Thursday, July 22, 2010

America’s Favorite Athletes: Results Reflect Societal Values

A recent Harris Poll tells us some interesting, perhaps predictable, things about sports, sports fans, and ongoing societal values in America. The online poll surveyed 2,227 adults between June 14 – 21, 2010 (a relatively small sample, but one which accounts for population size across regions). First, let’s look at the results:

Favorite Male Athletes:
  1. Kobe Bryant/Tiger Woods (tie)
  2. Derek Jeter
  3. Brett Favre
  4. Peyton Manning
  5. LeBron James
  6. Michael Jordan
  7. Tom Brady
  8. Drew Brees
  9. Dale Earnhardt
Favorite Female Athletes:
  1. Serena Williams
  2. Venus Williams
  3. Danica Patrick
  4. Mia Hamm
  5. Maria Sharapova
  6. Anna Kournikova
  7. Misty May/Shawn Johnson (tie)
  8. Lisa Leslie
  9. Billie Jean King/Martina Navratalova (tie)
Among the male athletes, the first somewhat surprising result is that Bryant and Woods stood atop the list despite run-ins with serious marital concerns, both of which were made very public, and for Woods was very recent. Of course these results are only somewhat surprising, as professional male athletes typically find it easier to transgress social boundaries with regard to promiscuity. Thus, perhaps it should not be terribly surprising for Tiger and Kobe to still be widely popular among the American public. What is remarkable is that Bryant was the most popular athlete among females polled.

The list of favorite female athletes is far more interesting. Notably, Serena and Venus Williams repeated as the two most popular female athletes (also holding the 1-2 honors last year). As with Woods, this shows a growing acceptance of African American athletes excelling in a historically Caucasian sport. With regard to the sports athletes represent, however, there is a glaring pattern. Eight out of the eleven women (11 due to two ties) come from sports that historically have been considered “acceptably female” sports: the Williams sisters, Sharapova, Kournikova, King, and Navratalova (tennis); May (volleyball); and Johnson (gymnastics). Over half of the women on the list play(ed) tennis.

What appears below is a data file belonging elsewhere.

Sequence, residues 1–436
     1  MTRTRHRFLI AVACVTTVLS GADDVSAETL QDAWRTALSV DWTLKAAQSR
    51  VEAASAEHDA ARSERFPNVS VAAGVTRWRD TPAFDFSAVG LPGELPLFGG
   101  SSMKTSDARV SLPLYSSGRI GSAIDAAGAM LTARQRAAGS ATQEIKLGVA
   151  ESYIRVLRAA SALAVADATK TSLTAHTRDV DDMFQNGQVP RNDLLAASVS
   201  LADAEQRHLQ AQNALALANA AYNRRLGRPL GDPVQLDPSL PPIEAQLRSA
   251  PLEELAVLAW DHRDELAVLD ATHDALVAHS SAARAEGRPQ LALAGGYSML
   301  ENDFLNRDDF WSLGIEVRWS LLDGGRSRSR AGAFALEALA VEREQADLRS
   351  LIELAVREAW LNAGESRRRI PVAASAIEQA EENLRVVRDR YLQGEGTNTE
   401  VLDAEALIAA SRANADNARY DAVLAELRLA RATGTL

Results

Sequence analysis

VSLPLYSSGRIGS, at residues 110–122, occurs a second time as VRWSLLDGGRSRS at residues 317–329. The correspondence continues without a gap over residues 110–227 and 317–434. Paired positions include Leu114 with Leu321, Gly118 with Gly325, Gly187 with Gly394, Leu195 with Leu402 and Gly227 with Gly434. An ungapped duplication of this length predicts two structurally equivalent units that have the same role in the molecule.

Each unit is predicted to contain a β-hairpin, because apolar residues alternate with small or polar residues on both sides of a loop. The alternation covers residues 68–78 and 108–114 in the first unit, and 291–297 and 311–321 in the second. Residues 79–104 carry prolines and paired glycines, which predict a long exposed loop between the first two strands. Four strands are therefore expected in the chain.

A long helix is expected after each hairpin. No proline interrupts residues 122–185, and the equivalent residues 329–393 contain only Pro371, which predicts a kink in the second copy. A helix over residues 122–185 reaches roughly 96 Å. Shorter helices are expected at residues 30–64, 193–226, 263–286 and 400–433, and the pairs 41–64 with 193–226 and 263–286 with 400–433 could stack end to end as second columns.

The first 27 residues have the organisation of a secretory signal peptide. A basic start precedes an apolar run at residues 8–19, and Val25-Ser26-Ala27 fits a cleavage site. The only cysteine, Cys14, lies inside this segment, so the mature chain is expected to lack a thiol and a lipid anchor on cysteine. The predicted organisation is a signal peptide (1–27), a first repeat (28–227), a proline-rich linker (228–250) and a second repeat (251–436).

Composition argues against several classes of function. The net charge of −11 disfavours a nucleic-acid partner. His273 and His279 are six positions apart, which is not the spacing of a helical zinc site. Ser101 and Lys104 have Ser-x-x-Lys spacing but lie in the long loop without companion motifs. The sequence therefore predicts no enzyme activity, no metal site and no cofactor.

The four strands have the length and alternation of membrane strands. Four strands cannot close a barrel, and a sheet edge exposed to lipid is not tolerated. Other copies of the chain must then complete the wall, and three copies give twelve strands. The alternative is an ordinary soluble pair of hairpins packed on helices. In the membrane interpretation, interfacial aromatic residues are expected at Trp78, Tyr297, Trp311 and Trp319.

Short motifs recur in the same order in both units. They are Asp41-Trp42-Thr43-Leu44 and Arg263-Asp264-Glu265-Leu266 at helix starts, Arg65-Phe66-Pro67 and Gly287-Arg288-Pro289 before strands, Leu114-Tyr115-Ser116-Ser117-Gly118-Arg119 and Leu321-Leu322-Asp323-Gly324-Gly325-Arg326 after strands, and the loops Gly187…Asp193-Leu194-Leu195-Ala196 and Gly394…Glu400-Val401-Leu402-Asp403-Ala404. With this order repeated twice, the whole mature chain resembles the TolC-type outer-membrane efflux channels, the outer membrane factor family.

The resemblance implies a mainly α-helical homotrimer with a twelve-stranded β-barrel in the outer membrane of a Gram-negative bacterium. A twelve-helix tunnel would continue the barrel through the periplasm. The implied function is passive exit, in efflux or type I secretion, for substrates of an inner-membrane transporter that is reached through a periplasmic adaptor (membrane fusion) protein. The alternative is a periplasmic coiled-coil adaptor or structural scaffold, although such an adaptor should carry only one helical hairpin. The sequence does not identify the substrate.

May represents soccer, historically defined as a more masculine sport. As for Patrick and Leslie, they also represent historically defined male sports (auto racing and basketball, respectively). Still, both of these athletes, Patrick in particular, have gained celebrity as part of American popular culture via mainstream modeling opportunities, as have the more contemporary tennis stars on the list (both Williams sisters, Sharapova, and Kournikova). Although Kournikova was a very successful doubles player, she was never an elite singles player on the women’s tennis circuit and is certainly not in the mix of elite players now. For athletes such as King and Navratalova, though retired, at least they can claim astounding athletic and political accomplishments that explain their ongoing popularity.

Notably missing from the list is Maya Moore, the outstanding player from the UConn Huskies women’s basketball team that just won back-to-back NCAA Division I National Championships and continued a 78-game winning streak. Diana Taurasi, who currently plays for the Phoenix Mercury, was the 2009 WNBA Most Valuable Player for the season and finals. Likewise, she was absent from the list.

Via the list of most popular female athletes we see an ongoing trend in American values that reward women not only for occupational success, but in some cases, more so for physical appearances. And of course, popularity trends tie in with individual and sporting sponsorships, which makes it all the more difficult for female athletes who don’t conform to gender norms to continue making a living in their sport of choice.

Recommended reading -- Coming on Strong: Gender and Sexuality in Twentieth Century Women's Sport by Susan K Cahn

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